Tom Tjaarda explains executing styling nuances that still resonate 50 years on
Creating a design that will still look elegant 50 years later takes more than just a few sketches, as Tom learned when he worked for Battista Pininfarina
Back in the Sixties we weren’t given design briefs. When working for Pininfarina, I knew exactly what was expected – timeless elegance, whether the project involved an affordable sedan or an expensive Ferrari.
How do designers achieve this objective? Initially a sketch proposal could be just a rendering of an idea, an image. In such cases the design director required a good eye for potential and our director, Franco Martinengo, had just that.
Once a proposal was selected, the real work started. Then we had to develop that design theme into a durable styling solution. Just before the summer vacation in 1963 Martinengo explained an important project we would be working on upon our return: a special coupé design on the Flaminia chassis that was to be shown at the Paris Auto Salon in October.
I was excited and produced numerous sketches during the August break, so when I returned to Turin I had a number of proposals ready. Martinengo selected one as the base for this ‘Lancia Flaminia Speciale’ and we set about creating a show car for Paris which, hopefully, would entice Lancia’s directors enough for them to approve a special production programme at Pininfarina.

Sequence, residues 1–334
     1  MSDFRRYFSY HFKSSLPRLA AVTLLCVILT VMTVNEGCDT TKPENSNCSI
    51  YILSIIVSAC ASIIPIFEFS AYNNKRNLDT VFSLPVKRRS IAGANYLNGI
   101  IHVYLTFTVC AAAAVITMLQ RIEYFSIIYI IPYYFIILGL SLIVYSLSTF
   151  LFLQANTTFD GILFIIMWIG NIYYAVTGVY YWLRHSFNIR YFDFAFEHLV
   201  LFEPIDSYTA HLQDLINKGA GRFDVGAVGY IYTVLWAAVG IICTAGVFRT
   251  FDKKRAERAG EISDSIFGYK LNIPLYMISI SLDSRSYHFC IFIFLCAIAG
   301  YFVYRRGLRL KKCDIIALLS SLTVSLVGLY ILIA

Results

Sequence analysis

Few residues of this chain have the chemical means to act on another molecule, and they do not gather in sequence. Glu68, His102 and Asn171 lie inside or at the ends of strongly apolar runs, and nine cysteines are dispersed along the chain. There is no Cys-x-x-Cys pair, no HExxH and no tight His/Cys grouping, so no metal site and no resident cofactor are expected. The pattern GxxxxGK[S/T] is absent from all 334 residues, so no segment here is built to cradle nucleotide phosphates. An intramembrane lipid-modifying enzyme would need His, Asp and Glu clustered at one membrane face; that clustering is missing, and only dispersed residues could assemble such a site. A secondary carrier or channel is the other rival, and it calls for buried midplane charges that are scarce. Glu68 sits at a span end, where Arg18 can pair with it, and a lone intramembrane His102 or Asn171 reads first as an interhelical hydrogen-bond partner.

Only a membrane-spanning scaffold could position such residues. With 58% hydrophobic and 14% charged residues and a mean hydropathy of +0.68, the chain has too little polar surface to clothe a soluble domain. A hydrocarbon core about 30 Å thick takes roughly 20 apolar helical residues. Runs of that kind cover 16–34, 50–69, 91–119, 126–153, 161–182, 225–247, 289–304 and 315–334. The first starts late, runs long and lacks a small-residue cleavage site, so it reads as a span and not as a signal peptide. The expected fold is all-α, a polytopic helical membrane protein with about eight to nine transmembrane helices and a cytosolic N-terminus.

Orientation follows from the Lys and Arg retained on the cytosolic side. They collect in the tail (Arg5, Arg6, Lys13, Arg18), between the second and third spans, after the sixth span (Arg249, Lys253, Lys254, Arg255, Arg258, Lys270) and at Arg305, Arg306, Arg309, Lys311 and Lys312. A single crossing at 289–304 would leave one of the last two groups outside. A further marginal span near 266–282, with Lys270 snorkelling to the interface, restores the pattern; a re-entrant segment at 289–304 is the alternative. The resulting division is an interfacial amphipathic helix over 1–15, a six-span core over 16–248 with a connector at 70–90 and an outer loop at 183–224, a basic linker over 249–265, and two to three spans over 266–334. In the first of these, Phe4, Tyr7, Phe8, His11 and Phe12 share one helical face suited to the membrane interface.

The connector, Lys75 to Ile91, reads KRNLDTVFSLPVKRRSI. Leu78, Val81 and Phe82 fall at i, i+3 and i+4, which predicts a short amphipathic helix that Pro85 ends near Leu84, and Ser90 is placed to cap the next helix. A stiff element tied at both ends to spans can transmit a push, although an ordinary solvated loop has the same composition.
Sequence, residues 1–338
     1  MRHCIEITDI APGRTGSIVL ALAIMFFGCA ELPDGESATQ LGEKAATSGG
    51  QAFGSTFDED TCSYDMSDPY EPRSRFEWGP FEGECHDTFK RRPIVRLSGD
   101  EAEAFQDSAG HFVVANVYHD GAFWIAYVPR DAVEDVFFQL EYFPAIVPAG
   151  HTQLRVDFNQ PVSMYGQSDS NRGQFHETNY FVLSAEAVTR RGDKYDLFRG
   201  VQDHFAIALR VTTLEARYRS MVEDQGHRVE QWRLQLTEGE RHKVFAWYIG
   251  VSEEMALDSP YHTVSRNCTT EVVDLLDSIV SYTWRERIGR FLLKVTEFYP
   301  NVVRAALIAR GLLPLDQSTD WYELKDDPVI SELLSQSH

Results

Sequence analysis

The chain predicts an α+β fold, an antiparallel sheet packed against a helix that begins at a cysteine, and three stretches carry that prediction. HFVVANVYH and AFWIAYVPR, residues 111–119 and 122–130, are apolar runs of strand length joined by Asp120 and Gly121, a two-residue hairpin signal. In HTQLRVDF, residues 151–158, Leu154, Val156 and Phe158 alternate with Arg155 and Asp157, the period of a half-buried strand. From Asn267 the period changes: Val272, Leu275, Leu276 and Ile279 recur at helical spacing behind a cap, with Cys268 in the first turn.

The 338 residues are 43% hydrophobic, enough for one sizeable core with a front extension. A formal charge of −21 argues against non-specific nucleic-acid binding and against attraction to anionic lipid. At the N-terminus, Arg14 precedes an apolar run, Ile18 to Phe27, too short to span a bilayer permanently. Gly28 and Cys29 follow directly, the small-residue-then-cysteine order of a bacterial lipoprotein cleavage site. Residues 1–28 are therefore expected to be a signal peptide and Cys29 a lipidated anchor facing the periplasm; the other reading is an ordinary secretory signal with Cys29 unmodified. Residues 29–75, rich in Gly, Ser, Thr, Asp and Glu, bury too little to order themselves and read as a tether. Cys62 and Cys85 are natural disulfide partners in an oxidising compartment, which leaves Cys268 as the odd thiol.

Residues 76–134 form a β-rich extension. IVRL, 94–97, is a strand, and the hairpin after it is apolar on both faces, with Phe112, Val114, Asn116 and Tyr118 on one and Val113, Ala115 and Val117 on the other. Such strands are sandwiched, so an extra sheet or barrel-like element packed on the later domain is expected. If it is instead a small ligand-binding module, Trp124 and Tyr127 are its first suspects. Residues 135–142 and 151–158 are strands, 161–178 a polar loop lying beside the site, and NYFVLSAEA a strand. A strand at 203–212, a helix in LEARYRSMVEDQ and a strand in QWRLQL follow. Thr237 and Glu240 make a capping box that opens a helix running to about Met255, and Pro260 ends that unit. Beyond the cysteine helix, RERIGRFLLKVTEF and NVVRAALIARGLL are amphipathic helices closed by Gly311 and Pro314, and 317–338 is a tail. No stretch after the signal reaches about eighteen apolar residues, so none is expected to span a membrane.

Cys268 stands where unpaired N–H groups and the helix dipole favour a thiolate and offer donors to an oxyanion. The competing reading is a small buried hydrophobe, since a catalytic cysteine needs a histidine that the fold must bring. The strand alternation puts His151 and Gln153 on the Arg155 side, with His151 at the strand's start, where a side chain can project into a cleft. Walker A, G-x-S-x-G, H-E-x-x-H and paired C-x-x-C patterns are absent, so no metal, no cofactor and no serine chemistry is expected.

I started by drawing full-size plans on the Flaminia chassis, leaving the distinctive Lancia front of the production Flaminia untouched. The rear was the focal point of this new design and changed the whole image of this car – the profile was different, with the roof blending in. It all came together easily and we had no problems building the wood buck to be used as a guide for the metal prototype.
But just to make sure, aluminum panels were made of the rear of the car, tacked onto the wood buck and polished, then taken outside in the sun for us to study the reflections and proportions. This was to make sure we had no cumbersome defects that would eventually show up. At Pininfarina this was a normal procedure – it was a lot of work but the company had built a reputation for quality design and this attention to detail was one of the reasons why. Hours and days went by before the final approval was given by Battista Pininfarina and the prototype was rapidly completed and sent off to Paris.
Unfortunately it never made it as a niche car production project but Battista Pininfarina had a special attachment to the car and had the prototype homologated so that he could use it as personal transport. I remember seeing him driving up to his factory and stepping out of the Lancia Flaminia Speciale dressed in his elegant camel’s hair overcoat. He was the picture of success and one could see how he had accomplished such a distinguished reputation.
Last summer Pininfarina organised a reunion of its famous cars. The event was held at the same Italian Riviera resort town of Alassio that more than 50 years before had awarded the Lancia Flaminia Speciale the first place accolade in a similar show. That summer, after half a century, the Lancia Flaminia Speciale prototype by Pininfarina was again voted the most elegant car of the show.
Tom’s remarkable career designing cars has included spells with Ghia, Pininfarina, Italdesign, Ford and Fiat, adding up to a 79-car CV.